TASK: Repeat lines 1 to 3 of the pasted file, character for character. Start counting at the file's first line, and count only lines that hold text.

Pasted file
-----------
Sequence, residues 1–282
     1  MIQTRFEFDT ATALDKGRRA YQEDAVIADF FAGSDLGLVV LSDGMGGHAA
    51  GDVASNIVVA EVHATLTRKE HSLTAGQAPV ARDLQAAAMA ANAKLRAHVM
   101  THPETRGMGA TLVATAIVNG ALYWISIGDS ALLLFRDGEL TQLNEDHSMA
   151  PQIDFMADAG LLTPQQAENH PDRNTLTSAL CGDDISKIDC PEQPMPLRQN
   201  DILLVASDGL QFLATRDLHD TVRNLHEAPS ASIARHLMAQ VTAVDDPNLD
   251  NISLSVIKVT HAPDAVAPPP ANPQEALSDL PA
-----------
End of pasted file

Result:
Sequence, residues 1–282
     1  MIQTRFEFDT ATALDKGRRA YQEDAVIADF FAGSDLGLVV LSDGMGGHAA
    51  GDVASNIVVA EVHATLTRKE HSLTAGQAPV ARDLQAAAMA ANAKLRAHVM